So we held a top-two primary and opted to put on our fall ballots yet another measure toward non-partisanship hereabouts.
Meanwhile, the principal contested races — most notably for governor and in the 8th congressional district — turned out about as expected. The Gregoire-Rossi and Reichert-Burner contests will, as the last ones, no doubt be close in November. All four candidates will be well funded and organized.
Much will depend on November voter turnout, with blue-state Democrats expected to go to the polls in large numbers to vote for Sen. Barack Obama, thus giving an apparent edge to Gregoire and Burner. I still see both races, however, as too close to call.
Two Democrats will face each other in November in high-visibility Seattle state legislative contests, rather than pitting Democratic and Republican candidates against each other — the first effect of the top-two system.
Washingtonians see non-partisanship and direct democracy as virtues. Folks in most other places see those preferences as quirky and provincial. I tend to agree with them.
Louisiana is perhaps the most politically corrupt of the 50 states. That Washington has adopted its top-two primary is some kind of grim joke. In the Puget Sound area, where Democrats predominate, and in eastern Washington, where Republicans rule, the top-two system is likely to pit candidates of the same party increasingly against each other in the general election. In solidly Democratic or Republican constituencies, we are likely to find candidates of the minority party dropping off the ballot altogether. Why bother to run if there is no chance to reach a November ballot? The top-two system will deepen one-party rule which, over time, almost always results in complacent and even corrupt governance.
I see no virtue in forcing candidates to run without a party label. Who are these people? What is their general political philosophy? Over 40 years, nationally, both major political parties have been displaced in influence by powerful single-issue and single-interest groups whose political money and influence count for more than party platforms or loyalty. Why hasten and deepen this trend?
Direct-democracy ballot measures are ways in which governors, mayors, city-council members and state legislators can evade their reponsibilities for governance. Politically difficult decisions are ducked by the elected officials and bumped to the electorate. We saw this syndrome most ridiculously illustrated recently in the non-binding referendum on an Alaskan Way Viaduct replacement. This is a decision which should long since have been made by Gov. Chris Gregoire and the Legislature after consideration of options presented by the state Department of Transportation.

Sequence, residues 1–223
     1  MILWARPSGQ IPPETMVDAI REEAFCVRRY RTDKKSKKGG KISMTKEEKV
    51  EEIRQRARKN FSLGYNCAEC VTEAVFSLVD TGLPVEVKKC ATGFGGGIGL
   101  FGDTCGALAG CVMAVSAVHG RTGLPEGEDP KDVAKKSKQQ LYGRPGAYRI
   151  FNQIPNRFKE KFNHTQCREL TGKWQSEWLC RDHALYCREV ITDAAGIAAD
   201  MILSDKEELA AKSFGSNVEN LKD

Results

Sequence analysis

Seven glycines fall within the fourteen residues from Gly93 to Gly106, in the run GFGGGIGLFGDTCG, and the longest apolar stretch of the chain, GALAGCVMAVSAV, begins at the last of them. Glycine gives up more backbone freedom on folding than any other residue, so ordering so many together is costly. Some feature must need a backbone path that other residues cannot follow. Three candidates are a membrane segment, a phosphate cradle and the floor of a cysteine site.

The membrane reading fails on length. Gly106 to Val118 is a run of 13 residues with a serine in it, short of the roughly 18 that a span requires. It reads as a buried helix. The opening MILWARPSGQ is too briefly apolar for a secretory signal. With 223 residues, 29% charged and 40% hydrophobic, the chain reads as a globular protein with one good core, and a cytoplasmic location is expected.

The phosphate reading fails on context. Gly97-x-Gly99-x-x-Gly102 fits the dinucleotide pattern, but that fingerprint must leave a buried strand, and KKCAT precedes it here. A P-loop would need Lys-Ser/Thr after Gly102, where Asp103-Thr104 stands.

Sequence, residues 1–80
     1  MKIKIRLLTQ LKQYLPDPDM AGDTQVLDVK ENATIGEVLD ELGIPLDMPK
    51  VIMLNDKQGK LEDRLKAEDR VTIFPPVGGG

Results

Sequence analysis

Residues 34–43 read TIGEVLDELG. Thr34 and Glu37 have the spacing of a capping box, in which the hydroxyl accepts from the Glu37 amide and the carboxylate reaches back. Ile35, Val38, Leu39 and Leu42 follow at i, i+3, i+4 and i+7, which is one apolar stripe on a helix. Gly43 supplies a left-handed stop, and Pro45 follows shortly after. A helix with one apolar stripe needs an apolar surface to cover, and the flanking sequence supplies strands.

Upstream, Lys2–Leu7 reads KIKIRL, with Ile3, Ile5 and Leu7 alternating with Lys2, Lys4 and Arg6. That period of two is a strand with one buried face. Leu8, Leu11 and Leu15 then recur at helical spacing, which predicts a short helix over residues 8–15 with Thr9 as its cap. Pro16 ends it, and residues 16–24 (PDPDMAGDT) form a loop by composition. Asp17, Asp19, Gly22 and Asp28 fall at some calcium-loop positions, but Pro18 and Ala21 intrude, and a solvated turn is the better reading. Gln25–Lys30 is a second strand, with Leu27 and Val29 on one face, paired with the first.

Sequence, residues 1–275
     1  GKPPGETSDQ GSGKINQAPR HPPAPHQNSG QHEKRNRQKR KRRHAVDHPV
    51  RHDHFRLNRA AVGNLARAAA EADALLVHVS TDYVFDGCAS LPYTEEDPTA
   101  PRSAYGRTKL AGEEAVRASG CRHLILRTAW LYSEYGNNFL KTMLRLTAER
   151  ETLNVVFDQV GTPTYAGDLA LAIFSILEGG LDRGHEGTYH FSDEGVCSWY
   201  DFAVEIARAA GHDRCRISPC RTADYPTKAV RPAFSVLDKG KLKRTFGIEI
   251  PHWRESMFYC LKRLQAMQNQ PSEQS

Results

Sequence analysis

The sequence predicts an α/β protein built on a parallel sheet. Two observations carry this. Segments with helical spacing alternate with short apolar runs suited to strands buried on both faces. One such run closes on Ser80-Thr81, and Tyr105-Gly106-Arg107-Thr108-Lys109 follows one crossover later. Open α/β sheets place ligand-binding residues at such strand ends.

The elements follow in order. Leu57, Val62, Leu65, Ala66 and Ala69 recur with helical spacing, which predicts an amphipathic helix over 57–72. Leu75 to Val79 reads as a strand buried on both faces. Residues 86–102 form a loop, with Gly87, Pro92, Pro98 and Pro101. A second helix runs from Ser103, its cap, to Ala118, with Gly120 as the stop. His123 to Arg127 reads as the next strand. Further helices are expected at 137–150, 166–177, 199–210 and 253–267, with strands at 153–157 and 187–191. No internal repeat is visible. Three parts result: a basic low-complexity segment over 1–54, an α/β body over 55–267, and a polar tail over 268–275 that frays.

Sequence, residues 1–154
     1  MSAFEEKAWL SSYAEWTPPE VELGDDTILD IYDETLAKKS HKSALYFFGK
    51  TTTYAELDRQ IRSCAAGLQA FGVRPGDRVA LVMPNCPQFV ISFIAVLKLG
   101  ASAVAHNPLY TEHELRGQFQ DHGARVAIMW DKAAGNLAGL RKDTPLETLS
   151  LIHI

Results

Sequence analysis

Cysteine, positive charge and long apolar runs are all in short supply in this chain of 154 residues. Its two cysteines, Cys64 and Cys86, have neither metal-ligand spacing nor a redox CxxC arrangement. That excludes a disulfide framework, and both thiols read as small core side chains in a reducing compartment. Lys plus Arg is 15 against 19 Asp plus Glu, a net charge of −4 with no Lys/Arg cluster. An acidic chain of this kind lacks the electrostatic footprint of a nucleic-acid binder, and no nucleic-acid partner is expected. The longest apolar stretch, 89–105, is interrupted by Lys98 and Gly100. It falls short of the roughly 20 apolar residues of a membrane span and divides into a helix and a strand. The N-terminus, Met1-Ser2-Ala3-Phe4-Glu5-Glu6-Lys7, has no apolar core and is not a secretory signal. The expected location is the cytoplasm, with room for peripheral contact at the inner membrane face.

If you examine Washington state and federal practices, you also wonder why we elect so many people — nonpartisan or otherwise — who are appointed at the federal level and in some other states.
A president appoints the U.S. attorney general, interior secretary, education secretary, and other cabinet positions. Federal judges are appointed. Yet, here, we elect statewide officials filling these same functions and force our judges to suck up to the same single-interest and single-issue groups to raise money and support to get elected. So much for an independent judiciary. A recent survey among elected judges, in those states which elect them, disclosed that a majority thought they had been compromised during their campaigns for office.
Parties are good, not bad. Elected officials, especially governors and mayors, should have power to govern and, then, be held accountable. Judges should be independent. Ballot measures allow the powerful and well financed to get their way by by-passing normal legislative channels.
But we have our own quirky ways, just as Louisiana, California, New Hampshire, and others of the 50 states. If a majority want it that way, that is the way it should be. But we need not pretend what we do is wise or effective.